Systemic disadvantages for LGBTQ professionals in STEM

Thursday, March 18 at 9:00am

Zoom Link:

Speaker: Erin Cech, PhD, University of Michigan

Researchers have documented race and gender bias in STEM for decades, but there has been little parallel examination of LGBTQ status as an axis of inequality. How do LGBTQ-identifying STEM professionals fare in STEM? Drawing on the NSF-funded STEM Inclusion Study data of over 25,000 STEM workers, Dr. Cech will discuss her recent study of LGBTQ inequality among STEM professionals. Her research is the first to document persistent and systemic disadvantages for LGBTQ STEM professionals, compared to their non-LGBTQ peers, and she documents these disadvantages along numerous dimensions: day-to-day workplace experiences, career limitations, professional devaluation, marginalization and harassment, turnover intentions, and health and wellness issues. This research reveals LGBTQ status as a clear axis of inequality in STEM and underscores the need for organizational and cultural shifts to address these patterns.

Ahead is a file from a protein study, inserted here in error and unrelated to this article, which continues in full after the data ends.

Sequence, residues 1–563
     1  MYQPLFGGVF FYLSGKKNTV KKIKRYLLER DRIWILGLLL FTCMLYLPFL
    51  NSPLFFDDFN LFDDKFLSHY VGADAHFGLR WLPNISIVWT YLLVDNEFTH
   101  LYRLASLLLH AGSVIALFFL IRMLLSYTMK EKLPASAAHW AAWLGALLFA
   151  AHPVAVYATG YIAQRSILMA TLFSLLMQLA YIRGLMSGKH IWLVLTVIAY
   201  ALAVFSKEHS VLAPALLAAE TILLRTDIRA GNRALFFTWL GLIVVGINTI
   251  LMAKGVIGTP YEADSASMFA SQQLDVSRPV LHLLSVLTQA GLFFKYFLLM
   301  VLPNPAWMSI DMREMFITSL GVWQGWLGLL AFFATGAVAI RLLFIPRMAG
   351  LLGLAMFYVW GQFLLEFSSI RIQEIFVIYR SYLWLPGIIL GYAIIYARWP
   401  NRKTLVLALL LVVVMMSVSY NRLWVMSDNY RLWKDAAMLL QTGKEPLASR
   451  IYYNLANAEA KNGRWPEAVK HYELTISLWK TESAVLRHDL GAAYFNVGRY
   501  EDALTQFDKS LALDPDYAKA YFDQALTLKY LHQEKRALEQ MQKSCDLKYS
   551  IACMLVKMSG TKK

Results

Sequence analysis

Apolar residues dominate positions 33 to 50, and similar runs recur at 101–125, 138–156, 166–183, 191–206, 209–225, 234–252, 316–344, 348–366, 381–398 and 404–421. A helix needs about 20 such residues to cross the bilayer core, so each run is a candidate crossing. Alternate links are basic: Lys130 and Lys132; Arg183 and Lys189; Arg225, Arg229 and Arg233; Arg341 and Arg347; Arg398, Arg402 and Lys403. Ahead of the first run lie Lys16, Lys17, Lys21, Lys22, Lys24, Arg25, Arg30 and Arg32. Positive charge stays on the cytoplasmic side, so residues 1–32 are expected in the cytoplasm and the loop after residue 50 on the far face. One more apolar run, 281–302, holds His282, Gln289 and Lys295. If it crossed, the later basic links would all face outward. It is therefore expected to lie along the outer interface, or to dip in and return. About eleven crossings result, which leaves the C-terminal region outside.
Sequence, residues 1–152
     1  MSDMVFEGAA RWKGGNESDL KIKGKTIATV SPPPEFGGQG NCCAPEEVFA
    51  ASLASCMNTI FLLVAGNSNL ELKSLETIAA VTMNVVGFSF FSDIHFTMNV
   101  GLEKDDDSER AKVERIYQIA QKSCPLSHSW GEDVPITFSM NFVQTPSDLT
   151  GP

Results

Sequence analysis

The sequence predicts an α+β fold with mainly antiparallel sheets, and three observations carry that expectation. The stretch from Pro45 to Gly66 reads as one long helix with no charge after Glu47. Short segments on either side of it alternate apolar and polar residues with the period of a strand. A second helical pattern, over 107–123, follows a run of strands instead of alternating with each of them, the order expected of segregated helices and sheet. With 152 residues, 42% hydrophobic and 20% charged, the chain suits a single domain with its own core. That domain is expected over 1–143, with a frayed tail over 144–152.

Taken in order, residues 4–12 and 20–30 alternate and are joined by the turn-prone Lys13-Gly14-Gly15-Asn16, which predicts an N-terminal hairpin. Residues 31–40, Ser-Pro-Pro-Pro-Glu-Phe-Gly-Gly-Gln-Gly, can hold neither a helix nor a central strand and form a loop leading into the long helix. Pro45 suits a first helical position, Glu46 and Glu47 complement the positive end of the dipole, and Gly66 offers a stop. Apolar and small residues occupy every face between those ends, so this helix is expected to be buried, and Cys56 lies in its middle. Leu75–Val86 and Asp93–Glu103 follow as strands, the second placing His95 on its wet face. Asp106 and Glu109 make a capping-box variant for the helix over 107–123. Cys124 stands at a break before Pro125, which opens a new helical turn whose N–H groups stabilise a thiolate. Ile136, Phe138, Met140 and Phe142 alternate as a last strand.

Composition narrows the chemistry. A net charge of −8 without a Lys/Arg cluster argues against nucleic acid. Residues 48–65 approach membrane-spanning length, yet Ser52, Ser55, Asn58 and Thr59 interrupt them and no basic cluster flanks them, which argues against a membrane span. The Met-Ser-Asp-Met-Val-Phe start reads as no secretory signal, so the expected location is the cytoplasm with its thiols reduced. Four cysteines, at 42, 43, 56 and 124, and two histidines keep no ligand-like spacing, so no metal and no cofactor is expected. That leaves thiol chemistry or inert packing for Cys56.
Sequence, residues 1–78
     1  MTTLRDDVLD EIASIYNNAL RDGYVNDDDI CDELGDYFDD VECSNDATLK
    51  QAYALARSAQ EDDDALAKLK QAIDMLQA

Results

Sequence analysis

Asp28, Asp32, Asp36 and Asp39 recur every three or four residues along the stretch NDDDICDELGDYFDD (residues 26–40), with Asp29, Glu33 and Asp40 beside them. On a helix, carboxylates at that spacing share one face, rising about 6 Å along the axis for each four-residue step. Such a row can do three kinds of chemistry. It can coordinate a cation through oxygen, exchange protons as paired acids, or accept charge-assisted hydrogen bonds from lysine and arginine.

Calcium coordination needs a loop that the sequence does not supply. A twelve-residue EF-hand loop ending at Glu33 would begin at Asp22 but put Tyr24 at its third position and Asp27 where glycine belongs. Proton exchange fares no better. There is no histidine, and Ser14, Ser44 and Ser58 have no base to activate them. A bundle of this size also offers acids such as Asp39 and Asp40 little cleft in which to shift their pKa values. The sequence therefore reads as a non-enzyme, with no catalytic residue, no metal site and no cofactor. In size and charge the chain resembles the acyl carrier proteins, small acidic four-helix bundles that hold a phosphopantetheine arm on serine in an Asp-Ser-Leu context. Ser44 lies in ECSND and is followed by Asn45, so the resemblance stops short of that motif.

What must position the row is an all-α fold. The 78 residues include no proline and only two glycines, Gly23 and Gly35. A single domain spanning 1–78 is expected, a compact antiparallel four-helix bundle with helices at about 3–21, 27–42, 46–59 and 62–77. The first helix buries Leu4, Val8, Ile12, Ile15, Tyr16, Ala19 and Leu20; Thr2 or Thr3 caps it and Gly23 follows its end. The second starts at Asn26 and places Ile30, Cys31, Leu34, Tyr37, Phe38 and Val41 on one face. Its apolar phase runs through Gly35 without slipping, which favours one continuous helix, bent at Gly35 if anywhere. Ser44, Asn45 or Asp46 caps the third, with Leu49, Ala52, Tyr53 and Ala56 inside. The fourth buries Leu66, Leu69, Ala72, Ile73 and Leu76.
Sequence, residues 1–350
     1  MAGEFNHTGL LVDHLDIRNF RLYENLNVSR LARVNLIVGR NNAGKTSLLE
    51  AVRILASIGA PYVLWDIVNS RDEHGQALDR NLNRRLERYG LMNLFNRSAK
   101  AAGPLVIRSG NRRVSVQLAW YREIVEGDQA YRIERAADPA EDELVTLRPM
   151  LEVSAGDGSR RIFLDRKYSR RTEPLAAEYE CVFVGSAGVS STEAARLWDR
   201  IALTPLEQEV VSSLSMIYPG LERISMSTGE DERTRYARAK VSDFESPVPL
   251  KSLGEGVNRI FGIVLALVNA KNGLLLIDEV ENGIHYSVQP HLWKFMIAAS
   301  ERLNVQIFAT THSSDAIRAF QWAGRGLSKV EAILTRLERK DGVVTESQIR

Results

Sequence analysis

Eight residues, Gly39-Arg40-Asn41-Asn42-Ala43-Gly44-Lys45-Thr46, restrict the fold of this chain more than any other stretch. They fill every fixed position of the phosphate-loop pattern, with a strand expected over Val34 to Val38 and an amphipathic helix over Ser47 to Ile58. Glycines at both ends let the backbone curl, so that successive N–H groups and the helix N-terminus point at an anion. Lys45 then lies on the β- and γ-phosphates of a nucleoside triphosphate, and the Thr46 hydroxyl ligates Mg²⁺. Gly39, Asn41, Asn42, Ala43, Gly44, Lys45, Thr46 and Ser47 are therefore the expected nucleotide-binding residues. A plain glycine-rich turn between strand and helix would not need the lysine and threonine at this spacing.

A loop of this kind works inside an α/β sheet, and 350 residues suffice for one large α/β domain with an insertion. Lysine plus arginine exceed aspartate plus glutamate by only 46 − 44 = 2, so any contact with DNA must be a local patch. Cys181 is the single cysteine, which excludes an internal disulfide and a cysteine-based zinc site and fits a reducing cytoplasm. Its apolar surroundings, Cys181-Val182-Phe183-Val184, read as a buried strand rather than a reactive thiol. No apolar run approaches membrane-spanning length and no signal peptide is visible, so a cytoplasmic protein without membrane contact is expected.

Dr. Erin Cech is an Assistant Professor of sociology at the University of Michigan. She earned her Ph.D. in Sociology from UC San Diego and undergraduate degrees in Electrical Engineering and Sociology from Montana State University. Cech's research examines cultural mechanisms of inequality reproduction--especially through seemingly innocuous cultural beliefs and practices. Her work on inequality in science, technology, engineering and math (STEM) professions focuses on the recruitment and retention of women, people of color, and LGBTQ-identifying persons in STEM degree programs and STEM jobs. Her research has been covered in The New York Times, Washington Post, CNN, Harvard Business Review, and the news sections of Science and Nature, and in 2020, she was honored as one of “40 LGBTQ Leaders Under 40” by Business Equality Magazine.

Center for Innovative Teaching, Research, and Learning
CITRAL, UC Santa Barbara Library, Room 1576